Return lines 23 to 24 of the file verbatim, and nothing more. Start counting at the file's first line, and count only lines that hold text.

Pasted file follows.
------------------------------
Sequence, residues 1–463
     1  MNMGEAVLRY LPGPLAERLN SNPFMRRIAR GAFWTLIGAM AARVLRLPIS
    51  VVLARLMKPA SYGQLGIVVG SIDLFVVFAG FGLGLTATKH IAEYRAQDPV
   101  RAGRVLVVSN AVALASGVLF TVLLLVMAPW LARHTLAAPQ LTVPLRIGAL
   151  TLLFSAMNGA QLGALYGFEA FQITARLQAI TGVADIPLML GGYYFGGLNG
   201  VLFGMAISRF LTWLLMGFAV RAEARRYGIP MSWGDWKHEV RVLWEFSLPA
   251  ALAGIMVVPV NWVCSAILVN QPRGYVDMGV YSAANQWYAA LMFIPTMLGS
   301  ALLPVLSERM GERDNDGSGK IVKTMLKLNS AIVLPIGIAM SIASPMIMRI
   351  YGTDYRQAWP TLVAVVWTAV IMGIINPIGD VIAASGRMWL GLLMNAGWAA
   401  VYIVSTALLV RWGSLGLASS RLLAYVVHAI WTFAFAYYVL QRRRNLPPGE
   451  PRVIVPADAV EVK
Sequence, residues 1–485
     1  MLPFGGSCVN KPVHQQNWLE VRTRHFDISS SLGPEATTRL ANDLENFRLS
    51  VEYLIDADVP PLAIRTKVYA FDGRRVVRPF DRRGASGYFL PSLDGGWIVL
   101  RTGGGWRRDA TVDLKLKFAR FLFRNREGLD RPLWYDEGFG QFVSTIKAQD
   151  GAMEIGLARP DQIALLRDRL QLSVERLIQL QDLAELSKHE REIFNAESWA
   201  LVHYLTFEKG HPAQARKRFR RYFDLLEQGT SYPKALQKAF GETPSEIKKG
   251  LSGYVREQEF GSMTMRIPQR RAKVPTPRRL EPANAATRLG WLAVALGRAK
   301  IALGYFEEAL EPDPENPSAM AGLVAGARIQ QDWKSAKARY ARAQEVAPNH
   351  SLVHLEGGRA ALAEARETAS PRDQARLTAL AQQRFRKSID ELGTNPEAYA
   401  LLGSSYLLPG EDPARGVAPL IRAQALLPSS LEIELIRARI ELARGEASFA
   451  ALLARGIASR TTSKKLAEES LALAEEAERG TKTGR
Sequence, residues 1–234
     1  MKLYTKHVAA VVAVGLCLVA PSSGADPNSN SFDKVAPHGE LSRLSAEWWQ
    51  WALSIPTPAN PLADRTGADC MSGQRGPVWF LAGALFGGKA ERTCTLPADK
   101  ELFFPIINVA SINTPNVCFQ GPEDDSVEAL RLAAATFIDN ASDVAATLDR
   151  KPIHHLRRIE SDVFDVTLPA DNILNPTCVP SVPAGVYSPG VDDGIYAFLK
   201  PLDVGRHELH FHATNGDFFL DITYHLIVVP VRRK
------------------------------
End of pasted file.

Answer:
Sequence, residues 1–234
     1  MKLYTKHVAA VVAVGLCLVA PSSGADPNSN SFDKVAPHGE LSRLSAEWWQ